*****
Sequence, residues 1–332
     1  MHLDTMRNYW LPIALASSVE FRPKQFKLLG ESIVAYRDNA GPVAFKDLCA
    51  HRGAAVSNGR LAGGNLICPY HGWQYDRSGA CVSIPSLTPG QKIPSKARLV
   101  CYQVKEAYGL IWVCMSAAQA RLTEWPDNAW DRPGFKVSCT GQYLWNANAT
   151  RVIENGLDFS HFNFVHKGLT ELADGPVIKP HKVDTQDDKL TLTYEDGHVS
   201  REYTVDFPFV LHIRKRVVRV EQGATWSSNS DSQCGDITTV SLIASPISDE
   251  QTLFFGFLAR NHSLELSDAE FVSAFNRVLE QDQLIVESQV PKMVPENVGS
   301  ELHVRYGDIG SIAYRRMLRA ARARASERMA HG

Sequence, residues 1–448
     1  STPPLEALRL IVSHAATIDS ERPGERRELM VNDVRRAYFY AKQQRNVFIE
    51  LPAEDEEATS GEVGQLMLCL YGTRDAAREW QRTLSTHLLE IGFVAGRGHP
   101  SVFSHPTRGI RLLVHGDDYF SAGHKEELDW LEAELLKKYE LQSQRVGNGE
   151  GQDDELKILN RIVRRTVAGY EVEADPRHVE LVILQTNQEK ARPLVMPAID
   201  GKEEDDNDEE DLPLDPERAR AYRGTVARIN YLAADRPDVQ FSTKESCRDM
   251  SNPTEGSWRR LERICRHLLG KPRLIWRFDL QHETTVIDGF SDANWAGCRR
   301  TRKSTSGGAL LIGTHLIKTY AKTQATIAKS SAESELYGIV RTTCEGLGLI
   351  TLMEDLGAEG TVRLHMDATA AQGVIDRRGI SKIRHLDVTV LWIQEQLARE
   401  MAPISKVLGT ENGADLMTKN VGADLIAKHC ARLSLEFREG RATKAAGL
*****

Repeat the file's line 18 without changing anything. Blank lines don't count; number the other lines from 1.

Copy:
   401  MAPISKVLGT ENGADLMTKN VGADLIAKHC ARLSLEFREG RATKAAGL